Baptism of our Lord, 2018

Mark 1:4-11

In his book entitled, “Peculiar Treasures: A Biblical Who’s who”, pastor/theologian, Frederick Buechner, expands upon what scripture tells us about John the Baptist. He writes;

“John the Baptist didn’t fool around. He lived in the wilderness around the Dead Sea. He subsisted on a starvation diet, and so did his disciples. He wore clothes that even the rummage sale people wouldn’t have handled. When he preached, it was fire and brimstone every time.

The Kingdom was coming all right, he said, but if you thought it was going to be pink tea, you’d better think again. If you didn’t shape up, God would give you the axe like an elm with the blight or toss you into the incinerator like what’s left over when you’ve lambasted the good out of the wheat.”

We come together today, on the first Sunday of Epiphany, to celebrate the feast day known as The Baptism of our Lord, the day that commemorates Jesus’ baptism in the River Jordan by John, the locust and honey eating, altar calling, repentance preaching, man of the wild himself.

It is a day that should cause us to reflect on the baptisms being done by John in the wilderness, on how Jesus’ own baptism forever changed those that would follow… and thus on our own baptisms as well.

For John, influenced by the Jewish traditions of the time, those rooted in Old Testament law, baptism was about repentance. It was a ritualistic washing away of ones wrongdoings that they would be made pure again… that they would be made right within their community and before God…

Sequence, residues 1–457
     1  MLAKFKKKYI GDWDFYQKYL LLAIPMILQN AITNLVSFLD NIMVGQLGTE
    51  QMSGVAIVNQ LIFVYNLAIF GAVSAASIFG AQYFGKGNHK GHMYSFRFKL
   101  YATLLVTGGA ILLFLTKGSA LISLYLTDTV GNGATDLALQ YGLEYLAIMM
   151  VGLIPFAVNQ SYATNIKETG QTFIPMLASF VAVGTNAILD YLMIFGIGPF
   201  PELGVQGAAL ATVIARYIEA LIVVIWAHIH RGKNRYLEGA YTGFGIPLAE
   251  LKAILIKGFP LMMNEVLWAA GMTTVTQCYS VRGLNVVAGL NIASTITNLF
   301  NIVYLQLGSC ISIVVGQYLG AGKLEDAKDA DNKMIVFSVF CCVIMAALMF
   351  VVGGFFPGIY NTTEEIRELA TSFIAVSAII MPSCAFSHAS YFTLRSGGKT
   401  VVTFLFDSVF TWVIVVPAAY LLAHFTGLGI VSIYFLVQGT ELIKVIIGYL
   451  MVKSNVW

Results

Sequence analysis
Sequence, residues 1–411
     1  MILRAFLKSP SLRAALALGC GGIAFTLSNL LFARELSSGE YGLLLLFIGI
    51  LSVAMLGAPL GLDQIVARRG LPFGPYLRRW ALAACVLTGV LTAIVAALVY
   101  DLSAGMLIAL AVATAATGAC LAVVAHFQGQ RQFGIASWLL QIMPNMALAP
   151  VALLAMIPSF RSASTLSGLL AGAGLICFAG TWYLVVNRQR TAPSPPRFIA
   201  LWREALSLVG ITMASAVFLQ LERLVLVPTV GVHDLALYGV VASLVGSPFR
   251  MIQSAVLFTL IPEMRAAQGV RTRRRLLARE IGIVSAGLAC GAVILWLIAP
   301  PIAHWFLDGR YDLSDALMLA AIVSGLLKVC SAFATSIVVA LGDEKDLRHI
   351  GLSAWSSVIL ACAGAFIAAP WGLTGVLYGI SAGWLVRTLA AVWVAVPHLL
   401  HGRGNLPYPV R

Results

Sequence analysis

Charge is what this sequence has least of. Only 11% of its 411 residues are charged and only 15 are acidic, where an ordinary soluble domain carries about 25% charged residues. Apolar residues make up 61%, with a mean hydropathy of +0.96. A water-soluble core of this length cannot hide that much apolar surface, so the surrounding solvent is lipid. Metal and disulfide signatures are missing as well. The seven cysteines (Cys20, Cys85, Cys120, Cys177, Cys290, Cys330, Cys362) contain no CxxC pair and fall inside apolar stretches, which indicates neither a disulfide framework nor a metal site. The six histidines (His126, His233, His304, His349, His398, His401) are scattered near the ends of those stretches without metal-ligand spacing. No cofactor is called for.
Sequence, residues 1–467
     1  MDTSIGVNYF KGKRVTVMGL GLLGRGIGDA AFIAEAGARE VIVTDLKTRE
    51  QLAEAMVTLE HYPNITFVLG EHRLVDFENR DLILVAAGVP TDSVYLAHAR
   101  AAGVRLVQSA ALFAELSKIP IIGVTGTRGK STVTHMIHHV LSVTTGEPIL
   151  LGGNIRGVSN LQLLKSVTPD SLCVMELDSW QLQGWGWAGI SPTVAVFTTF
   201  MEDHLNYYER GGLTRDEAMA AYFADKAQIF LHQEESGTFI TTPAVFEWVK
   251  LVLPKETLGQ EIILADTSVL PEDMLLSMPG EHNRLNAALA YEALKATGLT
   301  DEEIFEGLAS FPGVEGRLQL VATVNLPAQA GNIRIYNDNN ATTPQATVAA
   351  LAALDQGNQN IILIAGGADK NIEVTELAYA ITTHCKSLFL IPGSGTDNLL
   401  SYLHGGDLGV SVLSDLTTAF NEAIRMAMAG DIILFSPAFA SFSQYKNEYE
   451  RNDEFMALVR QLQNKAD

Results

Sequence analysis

In following Torah Law, those who were washed by John, Jesus included, did so in what scripture deems as “living water”, natural bodies of water like the Jordan, or, in places where living water wasn’t as readily available, pools of water filled by natural springs, known as mikveh.

As is often the case throughout the Hebrew language, the word mikveh, means more than it appears. So while the word mikveh came to be linked most often with these ritual baths, it translates literally as “a collection or binding together”… a collection or binding together…

If we dig a bit further into the Hebrew, we learn that mikveh shares the same root as the Hebrew word for “hope” (tikvah), for “line” (kav), and for the notion of “hoping or waiting for God” (kivit I’Adonai).

That as people come together for worship, they should be washed from the impure things of the world, from their sins and wrongdoings, and bind themselves to one another as a community of faith in hopeful anticipation of God’s presence. Not too far from the purpose our order of confession which we begin our worship with just about every week.

It’s with this tradition in mind, that John the Baptist washes Jesus in the Jordan River… that Jesus comes to be washed… that through such, this ritual washing of repentance and forgiveness, of communal binding, becomes something far greater…

Mark describes that as Jesus comes out of the water, the heavens are torn apart, with the Spirit descending upon him like a dove and a voice coming with it proclaiming, “You are my Son, whom I love; with you I am well pleased.